Two thousand jobs under threat at BBC

The BBC today confirmed plans to axe around 2,000 jobs across the corporation in a bid to make annual savings of £670m within the next five years.

The announcement comes after the corporation’s nine-month ‘Delivering Quality First’ consultation triggered by last year’s licence fee settlement, which froze the BBC’s funding and its £145.50 fee until 2017.

The agreement, which also saw the BBC assume new funding responsibilities including the World Service and S4C, required the BBC to make savings equivalent to at least 16 per cent of its current licence fee income.

The NUJ has condemned the cuts – claiming that since 2004 more than 7,000 jobs have gone at the BBC – and urged the licence fee deal to be re-opened, describing the current situation as unsustainable.

NUJ general secretary Michelle Stanistreet said: ‘This is a watershed moment in the BBC’s history – the reality is that the BBC will not be the same organisation if these cuts go ahead.

‘You cannot reduce budgets by 20 per cent and pretend that the BBC will still be able to be a world class broadcaster. Quality journalism and programming is inevitably going to be diluted. If the BBC presses ahead with these changes strike action across the corporation seems inevitable.”

In a statement the corporation said director-general Mark Thompson had set an additional four per cent savings target for reinvestment back into programming, which would help contribute to total savings by 2016/17 of 20 per cent.

The BBC has now launched a public consultation into the proposals.

The chairman of the BBC Trust, Lord Patten, said: ‘The BBC is far from perfect, but it is a great institution and, at its best, a great broadcaster. We have a tough and challenging new licence fee settlement, but it should still be possible to run an outstanding broadcaster on £3.5bn a year.

“The Trust’s view has been clear from the start of this process – the BBC must look to run itself as efficiently as possible before we consider cutting services.

‘Over half of the savings announced today will come from changes to operations, but there will need to be some changes to services, and we now need to test BBC management’s proposals for this.

‘We agree with the direction that the Director-General has taken, but we want to hear what the public think, as it is ultimately their BBC.”

Thompson added: ‘This is a plan which puts quality and creativity first. It’s a plan for a smaller BBC, but a BBC which uses its resources more effectively and collaboratively to deliver a full range of services to the public.

‘The plan meets the savings target we agreed in last year’s licence-fee settlement, but also identifies nearly £150m per year to invest in new high quality output and in the platforms and services of the future.

“But it is a plan which also means stretching efficiencies and significant job losses. It’s my judgement that this is the last time the BBC will be able to make this level of savings without a substantial loss of services or quality or both.”

In its consultation the corporation wants to hear the public’s views on changes to the BBC’s TV channels including:

• ‘Protecting BBC One and Two in peak time, albeit with small reductions in entertainment programming and acquisitions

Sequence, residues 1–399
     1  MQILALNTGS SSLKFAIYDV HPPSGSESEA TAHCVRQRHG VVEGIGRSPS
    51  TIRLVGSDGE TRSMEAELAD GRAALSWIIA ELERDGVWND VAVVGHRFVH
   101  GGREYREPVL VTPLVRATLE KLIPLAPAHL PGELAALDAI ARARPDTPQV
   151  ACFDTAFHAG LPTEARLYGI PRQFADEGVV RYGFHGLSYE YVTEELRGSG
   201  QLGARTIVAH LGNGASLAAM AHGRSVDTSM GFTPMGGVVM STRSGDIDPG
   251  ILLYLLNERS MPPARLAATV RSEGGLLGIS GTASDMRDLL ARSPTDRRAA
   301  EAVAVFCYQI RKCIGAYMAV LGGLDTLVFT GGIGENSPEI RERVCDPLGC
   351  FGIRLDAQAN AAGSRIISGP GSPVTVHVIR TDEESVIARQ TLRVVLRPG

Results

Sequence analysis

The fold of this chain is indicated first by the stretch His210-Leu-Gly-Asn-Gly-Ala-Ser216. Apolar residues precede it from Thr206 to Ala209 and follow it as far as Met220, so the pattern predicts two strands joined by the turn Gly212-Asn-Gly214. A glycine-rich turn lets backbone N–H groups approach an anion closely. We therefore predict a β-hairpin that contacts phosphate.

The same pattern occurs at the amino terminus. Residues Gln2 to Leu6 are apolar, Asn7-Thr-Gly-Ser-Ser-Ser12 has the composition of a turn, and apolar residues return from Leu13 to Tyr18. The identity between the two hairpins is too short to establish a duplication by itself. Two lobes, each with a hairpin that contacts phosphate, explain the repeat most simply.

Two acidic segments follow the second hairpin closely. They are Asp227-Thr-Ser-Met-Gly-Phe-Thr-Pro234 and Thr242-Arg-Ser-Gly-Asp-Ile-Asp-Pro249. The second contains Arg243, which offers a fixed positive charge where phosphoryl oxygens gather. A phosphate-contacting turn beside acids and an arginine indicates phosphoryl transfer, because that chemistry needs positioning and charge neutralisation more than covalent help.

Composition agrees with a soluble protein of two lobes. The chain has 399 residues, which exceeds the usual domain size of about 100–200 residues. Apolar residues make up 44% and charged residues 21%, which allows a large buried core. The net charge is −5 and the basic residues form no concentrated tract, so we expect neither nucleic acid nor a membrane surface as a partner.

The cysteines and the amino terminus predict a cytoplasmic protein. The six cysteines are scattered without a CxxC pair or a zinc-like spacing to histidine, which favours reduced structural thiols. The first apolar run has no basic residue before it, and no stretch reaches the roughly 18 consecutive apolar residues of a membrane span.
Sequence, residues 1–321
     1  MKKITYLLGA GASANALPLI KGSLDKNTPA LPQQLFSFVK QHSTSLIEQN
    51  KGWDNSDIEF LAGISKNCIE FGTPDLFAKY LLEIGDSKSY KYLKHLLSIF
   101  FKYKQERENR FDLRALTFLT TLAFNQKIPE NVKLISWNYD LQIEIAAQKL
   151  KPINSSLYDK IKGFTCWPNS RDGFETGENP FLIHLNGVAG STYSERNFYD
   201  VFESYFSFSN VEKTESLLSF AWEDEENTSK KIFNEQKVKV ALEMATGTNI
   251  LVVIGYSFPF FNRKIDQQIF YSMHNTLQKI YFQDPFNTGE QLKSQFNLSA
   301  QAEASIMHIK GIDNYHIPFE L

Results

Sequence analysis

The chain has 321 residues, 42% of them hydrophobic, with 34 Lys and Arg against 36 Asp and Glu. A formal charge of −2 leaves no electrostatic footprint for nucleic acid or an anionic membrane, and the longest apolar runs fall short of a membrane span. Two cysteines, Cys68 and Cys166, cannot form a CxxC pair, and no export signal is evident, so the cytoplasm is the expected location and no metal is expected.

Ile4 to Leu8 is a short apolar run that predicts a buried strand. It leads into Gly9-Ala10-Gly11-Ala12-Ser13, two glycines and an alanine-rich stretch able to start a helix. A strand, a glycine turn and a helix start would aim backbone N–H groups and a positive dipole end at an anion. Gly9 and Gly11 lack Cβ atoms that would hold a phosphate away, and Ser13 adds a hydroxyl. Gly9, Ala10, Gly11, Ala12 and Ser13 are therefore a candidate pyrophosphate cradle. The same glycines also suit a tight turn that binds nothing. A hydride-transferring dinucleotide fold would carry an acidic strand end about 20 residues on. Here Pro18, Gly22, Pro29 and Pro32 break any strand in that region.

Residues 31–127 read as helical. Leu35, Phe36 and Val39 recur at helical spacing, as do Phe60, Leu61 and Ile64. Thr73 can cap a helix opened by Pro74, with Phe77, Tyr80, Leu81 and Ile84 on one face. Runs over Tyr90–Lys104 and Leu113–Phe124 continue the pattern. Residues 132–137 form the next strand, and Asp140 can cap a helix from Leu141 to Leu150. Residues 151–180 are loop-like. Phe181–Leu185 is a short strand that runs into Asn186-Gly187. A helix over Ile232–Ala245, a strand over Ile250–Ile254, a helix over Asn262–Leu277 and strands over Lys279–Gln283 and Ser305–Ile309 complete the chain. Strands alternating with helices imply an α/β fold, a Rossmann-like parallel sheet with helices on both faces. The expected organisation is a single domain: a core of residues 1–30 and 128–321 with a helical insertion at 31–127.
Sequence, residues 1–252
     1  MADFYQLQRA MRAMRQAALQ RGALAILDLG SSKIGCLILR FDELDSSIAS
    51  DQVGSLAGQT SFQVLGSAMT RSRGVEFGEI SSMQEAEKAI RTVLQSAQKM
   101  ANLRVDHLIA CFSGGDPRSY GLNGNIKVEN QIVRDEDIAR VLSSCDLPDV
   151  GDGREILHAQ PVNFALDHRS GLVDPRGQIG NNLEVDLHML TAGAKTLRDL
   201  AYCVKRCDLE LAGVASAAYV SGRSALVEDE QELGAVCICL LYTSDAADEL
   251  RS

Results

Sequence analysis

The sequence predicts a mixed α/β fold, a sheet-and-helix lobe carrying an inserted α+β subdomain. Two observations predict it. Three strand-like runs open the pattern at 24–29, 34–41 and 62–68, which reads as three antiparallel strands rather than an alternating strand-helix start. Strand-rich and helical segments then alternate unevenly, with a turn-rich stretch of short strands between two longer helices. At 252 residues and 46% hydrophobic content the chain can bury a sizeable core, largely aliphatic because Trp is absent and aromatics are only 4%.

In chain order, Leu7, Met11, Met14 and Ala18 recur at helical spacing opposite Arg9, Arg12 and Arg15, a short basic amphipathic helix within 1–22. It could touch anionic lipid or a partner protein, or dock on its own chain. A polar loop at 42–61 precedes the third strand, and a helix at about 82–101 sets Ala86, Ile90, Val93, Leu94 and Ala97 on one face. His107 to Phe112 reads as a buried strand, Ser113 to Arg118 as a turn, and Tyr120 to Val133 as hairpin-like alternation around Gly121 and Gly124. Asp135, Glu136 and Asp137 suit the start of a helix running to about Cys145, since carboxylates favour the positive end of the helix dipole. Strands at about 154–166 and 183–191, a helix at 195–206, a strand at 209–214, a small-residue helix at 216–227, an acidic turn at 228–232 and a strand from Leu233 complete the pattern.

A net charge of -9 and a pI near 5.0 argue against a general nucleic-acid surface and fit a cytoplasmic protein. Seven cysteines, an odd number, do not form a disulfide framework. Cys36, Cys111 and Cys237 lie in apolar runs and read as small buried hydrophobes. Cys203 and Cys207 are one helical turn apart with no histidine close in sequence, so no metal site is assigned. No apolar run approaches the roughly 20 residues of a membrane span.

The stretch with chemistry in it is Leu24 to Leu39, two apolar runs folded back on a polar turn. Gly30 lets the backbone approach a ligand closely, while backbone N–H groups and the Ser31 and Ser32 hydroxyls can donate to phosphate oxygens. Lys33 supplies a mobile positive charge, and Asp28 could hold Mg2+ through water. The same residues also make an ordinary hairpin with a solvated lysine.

• ‘Making BBC One the channel for all new general daytime programmes

• ‘Changing BBC Two’s daytime schedule to feature international news and current affairs programmes at lunchtime. Other parts of the daytime schedule would be repeats of mainly factual programmes, including science, history, natural history and arts, as well as live sport

• ‘Re-focusing BBC Three and BBC Four to play supporting roles to the two bigger channels; and

• ‘Replacing the HD channel with an HD version of BBC Two to broadcast alongside the existing BBC One HD channel.”

Changes to the BBC’s radio stations include:

• ‘Protecting Radio 4 by keeping its unerlying budget stable, excluding the impact of productivity savings

• ‘Greater sharing of news bulletins between Radio 2 and 6 Music, Radio 1 and 1Xtra, and Radio 3 and 4

• ‘Reducing the amount of original drama, live music and specially recorded concerts at lunchtime on Radio 3, and reviewing the BBC’s orchestras and singers

• ‘Reinvestment in the Proms to maintain quality

• ‘Focusing Radio 5 Live on core output of news and sport

• ‘A new more focused Asian Network with a 34 per cent reduction in its content spend and

• ‘Making savings in radio distribution costs through long term changes to Medium Wave and Long Wave.”

Changes to programming and services in the nations and regions:

• ‘For TV, protecting underlying investment in news programming; producing fewer non-news programmes and rebroadcasting more of them to UK audiences; and increasing investment in network programming produced across Scotland, Northern Ireland and Wales

• ‘For nations radio, reducing investment in non-news programming and focusing on peak-time

• ‘For English local radio, focusing spend on peak-time programmes, but with increased sharing across regions in off-peak slots.”

Changes in approach to digital access and distribution including:

• ‘Continuing with previously announced plans to reduce BBC Online’s budget by 25 per cent, but with some reinvestment in future digital development

• ‘Reducing Red Button transmissions making the service consistent across all digital TV platforms.”

  • To contact the Press Gazette news desk call 020 7936 6433 or email pged@pressgazette.co.uk

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